We have heard a great deal of criticism of the Government from the other side of the chamber, but very little has been said of its achievements. It has been accused of encouraging inflation, but we can dismiss that as a bogy. One of its achievements is the improvement of social services which are of great value even in war-time. The Labour party is said to have nothing in common with men on the land. Iam one of these men on the land, and I know that we have a great deal in common with the workers. The Labour party is the only political party that has done anything to improve our position and the farmers have been exploited by anti-Labour elements just, as much as have the workers. I regard the United Country party as being the right wing of the United Australia party, and of the two the United Australia party has the more liberal outlook. The potato-growers were always in trouble until recently. When crops were good they received about 30s. a ton for their product, which the middleman sold in the Sydney market for about £18 a ton. The industry was unstable in every respect. Although this Government has been in office for less than a year, it has provided a guaranteed price for potatogrowers. The wool-growers also have benefited from the Government's administration. Honorable gentlemen opposite were numb, dumb and docile for two or three years over the wool agreement. The Country party members claim that they are the champions of primary producers, but they did nothing. I can admire a member of the United Australia party who stands up stoutly for the interests which he claims to represent, but I have very little time for Country party members who let the interests of the primary producers go by the board. I do not regard such honorable gentlemen as being either straight or honest.


Mr Guy - What about the honorable member for Wimmera (Mr. Wilson) ?


Mr McLEOD - He belongs over here. At any rate he is a left-winger of the Country party. This Government has been able to obtain an extra 2d. per lb. for wool under the revised agreement with the Government of the United Kingdom and that is a great achievement which will be of lasting benefit to the economic structure of Australia. Wool is a staple industry and the reasonable marketing of it is immensely advantageous to our internal economy. The payment of an extra 2d. per lb. for wool does not in any sense involve the exploitation of the consumer, for the price is still reasonable. The Labour Government is entitled to claim credit for such actions.

We arc told that in this war everybody must make sacrifices and we agree with that statement; but I regret to say that very little has been done so far - in fact nothing at all was done until this Government came into office - to require the financial interests to make sacrifices. If I had my way I would bring these people up sharply. All that honorable gentlemen opposite seem to be able to suggest is that a national government be formed. One of their number, every little while, moves the adjournment of the House to discuss subjects such as clothes rationing, butthey do little else but harass and snipe at this Government.


Mr Guy - The national governments of other countries get on all right.


Mr McLEOD - I cannot imagine honorable gentlemen opposite being satisfied even if we had a national government. They would still be hypercritical. They cannot even agree among themselves. The last anti-Labour government fell to pieces because of internal dissension.

Mr.Guy. - That was not a national government. The present Prime Minister has been forced to disagree publicly with certain members of his Cabinet.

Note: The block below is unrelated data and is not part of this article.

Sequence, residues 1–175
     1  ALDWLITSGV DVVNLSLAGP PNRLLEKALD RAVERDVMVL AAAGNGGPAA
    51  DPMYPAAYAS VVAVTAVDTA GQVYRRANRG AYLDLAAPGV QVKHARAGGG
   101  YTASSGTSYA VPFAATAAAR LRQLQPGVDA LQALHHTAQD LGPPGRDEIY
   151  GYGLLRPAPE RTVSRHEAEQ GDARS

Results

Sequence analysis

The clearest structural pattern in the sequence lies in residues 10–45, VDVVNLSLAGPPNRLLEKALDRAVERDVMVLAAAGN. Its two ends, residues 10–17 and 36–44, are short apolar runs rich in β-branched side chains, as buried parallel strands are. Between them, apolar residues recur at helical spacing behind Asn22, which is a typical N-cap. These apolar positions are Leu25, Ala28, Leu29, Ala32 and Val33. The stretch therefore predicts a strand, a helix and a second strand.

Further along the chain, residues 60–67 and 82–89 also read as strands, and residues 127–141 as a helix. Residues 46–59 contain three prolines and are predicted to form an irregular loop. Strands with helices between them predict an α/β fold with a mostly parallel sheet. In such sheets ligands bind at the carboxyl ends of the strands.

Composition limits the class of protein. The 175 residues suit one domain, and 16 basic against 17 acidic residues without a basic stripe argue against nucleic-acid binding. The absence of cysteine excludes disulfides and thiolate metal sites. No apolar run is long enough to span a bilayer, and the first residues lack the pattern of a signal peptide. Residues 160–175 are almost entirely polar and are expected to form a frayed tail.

Mr McLEOD - Honorable gentlemen opposite are fond of talking of post-war reconstruction. I am afraid if an antiLabour government is in office at the end of the war there will be no reconstruction. We shall experience a repetition of the unhappy days that followed the last war. Everything possible would be done by honorable gentlemen opposite to bolster up capitalist institutions and there would be no new order. Instinctively, I know that this would be so. Why should capitalist institutions and individual capitalists surrender their privileges? They are not likely to be interested in the new order. No doubt honorable gentlemen opposite will make promises to the people, hut I hope that such promises will fall on deaf ears. Probably threats will also be made about the inflation bogy and the dangers of tampering withour banking and monetary system. But the fact remains that after the last war the anti-Labour forces " sold out " to the financial interests. The Commonwealth Government Shipping Line, the Commonwealth Woollen Mills, the Commonwealth Bank and other government and semi-government instrumentalities were "sold out" on the ground that they were too socialistic. We do not desire a repetition of that kind of thing. The people are looking for a new order based upon justice. Recently I read an interesting pamphlet entitled William Penn, in which it was pointed out that the density of population in Great Britain was 600 people to the acre. It was said that in spite of that fact the English people were able to have the food of all nations on their breakfast table, and the goods of all nations on the shelves of business houses. But it appears that after this war Great Britain may be a debtor nation, and things may be very different. Australia could do a great deal to help the people of Great Britain. We all are well aware that we need a larger population. This country could sustain a population of probably 20,000,000 or 30,000,000 people, but it would need industries commensurate with such a population. Under any reasonable conditions we could be sure that even that number of people would be assured of adequate food, clothing and. shelter in this country; but this will not be so if the affairs of the country are allowed to return to the hands of interests which will favour private banks and other financial institutions. We all must remember the pathetic attempt that was made after the last war by means of moving pictures, posters and all kinds of enticing propaganda to entice immigrants to Australia. But the very boats that brought immigrants here were loaded with manufactured goods, so that the whole procedure amounted to little more than a disgraceful swindle. This country must be freed from the control of international financiers. By some means our great national debts must be funded and sunk. It is deplorable that in a country with a vast State like Queensland available for settlement there should have 'been, in days gone by, unappeased land-hunger and much unemployment. Our people wanted land, but they could not get it. That situation must be altered. Humanity must be regarded as being more sacred than money. After the last war our interest obligations were met while many of our people starved. I shall never be a party to the placing of the affairs of this country under a government which would allow that kind of thing to occur. The people would be well advised to take all necessary steps to ensure that the Labour party shall remain in control of the country; otherwise we shall look in vain for any satisfactory scheme of land settlement or any worth-while new deal.